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Ahmad A.,Jina Pharmaceuticals Inc. | Sheikh S.,Jina Pharmaceuticals Inc. | Taran R.,CHL Apollo Hospital | Srivastav S.P.,Lions Cancer Detection Center | And 8 more authors.
Clinical Breast Cancer | Year: 2014

Background Nanosomal docetaxel lipid suspension formulation was developed to eliminate ethanol and polysorbate 80 from the currently used docetaxel (Taxotere) drug for treatment of cancer patients. NDLS clinical safety and efficacy was evaluated and compared with Taxotere at 75 mg/m2 in metastatic breast cancer patients. Patients and Methods A total of 72 patients were randomized in a ratio of 2:1 (NDLS:Taxotere). Patients treated with NDLS were not premedicated with corticosteroids as required with solvent-based Taxotere. Disease status and tumor response was assessed after every 2 cycles of treatment using Response Evaluation Criteria in Solid Tumors 1.1 guidelines through cycle 6. Results Overall therapeutic response (complete + partial) rate in metastatic breast cancer patients treated with NDLS and Taxotere were 35.5% and 26.3%, respectively, indicating better response in patients treated with NDLS. Patients in the NDLS group were not premedicated but the safety results of NDLS were found to be comparable with Taxotere. Conclusion NDLS formulation with no premedication provides an alternative treatment option for breast cancer patients. © 2014 Elsevier Inc. All rights reserved. Source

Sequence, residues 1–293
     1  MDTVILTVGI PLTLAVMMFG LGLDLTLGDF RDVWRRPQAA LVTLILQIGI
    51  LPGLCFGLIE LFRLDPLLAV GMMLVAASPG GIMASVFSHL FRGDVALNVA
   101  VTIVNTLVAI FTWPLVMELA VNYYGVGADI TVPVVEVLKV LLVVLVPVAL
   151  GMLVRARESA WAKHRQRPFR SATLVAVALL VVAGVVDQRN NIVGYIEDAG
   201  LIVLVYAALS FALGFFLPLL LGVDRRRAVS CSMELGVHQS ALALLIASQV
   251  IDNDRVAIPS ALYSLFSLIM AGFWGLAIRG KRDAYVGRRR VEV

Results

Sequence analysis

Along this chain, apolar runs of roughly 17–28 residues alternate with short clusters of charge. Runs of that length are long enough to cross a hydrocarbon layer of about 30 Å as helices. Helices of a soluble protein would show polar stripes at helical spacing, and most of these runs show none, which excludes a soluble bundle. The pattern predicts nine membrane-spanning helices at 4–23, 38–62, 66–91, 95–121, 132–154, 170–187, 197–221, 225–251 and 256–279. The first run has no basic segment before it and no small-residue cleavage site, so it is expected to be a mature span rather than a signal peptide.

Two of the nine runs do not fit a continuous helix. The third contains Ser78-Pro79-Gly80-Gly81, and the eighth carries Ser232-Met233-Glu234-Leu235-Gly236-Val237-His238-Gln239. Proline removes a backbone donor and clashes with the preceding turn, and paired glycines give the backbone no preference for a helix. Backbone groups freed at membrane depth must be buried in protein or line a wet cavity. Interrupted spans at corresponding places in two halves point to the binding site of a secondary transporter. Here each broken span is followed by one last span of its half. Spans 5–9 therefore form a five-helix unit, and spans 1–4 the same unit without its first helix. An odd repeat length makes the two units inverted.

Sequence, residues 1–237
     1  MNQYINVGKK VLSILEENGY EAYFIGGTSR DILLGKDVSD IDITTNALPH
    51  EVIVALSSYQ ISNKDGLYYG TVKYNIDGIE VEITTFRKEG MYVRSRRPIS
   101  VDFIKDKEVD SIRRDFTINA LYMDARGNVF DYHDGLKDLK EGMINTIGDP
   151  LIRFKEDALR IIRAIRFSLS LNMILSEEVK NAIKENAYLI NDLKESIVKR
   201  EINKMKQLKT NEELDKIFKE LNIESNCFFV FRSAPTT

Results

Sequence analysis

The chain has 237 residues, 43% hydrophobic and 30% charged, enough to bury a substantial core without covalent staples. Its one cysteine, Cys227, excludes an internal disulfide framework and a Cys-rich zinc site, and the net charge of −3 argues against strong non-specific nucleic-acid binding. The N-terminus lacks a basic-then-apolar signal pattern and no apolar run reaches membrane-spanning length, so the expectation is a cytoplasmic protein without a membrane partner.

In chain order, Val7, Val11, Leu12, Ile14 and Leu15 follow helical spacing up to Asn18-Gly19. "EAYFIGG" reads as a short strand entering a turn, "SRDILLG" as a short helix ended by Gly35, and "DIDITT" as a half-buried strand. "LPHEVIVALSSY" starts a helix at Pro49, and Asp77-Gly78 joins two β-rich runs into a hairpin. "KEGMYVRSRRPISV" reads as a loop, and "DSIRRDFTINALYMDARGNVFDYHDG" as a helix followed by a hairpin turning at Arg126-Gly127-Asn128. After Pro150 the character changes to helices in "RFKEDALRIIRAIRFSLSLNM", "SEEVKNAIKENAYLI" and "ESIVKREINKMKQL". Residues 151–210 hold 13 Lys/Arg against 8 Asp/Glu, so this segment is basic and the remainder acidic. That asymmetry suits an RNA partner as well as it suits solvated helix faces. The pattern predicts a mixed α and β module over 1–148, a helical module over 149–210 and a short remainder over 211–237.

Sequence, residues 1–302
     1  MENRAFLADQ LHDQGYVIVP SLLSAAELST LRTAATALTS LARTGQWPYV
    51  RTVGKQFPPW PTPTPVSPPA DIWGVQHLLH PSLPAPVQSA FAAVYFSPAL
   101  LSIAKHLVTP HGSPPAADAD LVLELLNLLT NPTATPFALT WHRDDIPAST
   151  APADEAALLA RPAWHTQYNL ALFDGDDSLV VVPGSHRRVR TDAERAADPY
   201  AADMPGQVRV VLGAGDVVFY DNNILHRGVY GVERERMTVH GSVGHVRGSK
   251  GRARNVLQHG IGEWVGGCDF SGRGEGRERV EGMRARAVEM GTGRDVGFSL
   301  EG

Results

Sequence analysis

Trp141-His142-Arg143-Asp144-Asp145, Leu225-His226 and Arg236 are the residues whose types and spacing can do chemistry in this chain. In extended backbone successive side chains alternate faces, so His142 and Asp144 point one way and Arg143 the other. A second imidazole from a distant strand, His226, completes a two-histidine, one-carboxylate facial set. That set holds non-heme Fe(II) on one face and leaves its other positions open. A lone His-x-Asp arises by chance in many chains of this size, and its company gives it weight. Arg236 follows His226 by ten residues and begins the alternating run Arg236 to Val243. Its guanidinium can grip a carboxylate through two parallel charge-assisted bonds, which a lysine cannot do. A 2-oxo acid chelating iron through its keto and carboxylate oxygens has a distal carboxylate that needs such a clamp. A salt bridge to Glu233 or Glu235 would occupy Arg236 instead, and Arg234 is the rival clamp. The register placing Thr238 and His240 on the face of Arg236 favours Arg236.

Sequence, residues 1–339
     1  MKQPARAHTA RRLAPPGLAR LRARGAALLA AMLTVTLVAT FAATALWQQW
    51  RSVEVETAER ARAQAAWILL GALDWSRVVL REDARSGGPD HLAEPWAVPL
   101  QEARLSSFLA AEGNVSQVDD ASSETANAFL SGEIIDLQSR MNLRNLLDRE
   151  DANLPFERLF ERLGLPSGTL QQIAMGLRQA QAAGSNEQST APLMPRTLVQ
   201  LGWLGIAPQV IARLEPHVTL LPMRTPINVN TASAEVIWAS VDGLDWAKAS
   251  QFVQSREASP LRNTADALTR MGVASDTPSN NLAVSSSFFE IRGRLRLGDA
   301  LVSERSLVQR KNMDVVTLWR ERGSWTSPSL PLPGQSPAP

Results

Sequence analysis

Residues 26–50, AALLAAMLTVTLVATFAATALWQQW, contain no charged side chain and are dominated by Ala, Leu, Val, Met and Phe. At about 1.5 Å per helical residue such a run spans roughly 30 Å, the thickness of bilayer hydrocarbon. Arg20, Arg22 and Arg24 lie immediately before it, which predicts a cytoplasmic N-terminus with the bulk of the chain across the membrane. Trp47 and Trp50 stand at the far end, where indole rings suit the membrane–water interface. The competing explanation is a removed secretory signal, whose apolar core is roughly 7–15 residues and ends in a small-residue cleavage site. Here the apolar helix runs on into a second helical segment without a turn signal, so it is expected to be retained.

Shah K.N.,Lambda Therapeutic | Patel S.S.,Nirma University
Pharmaceutical Biology | Year: 2015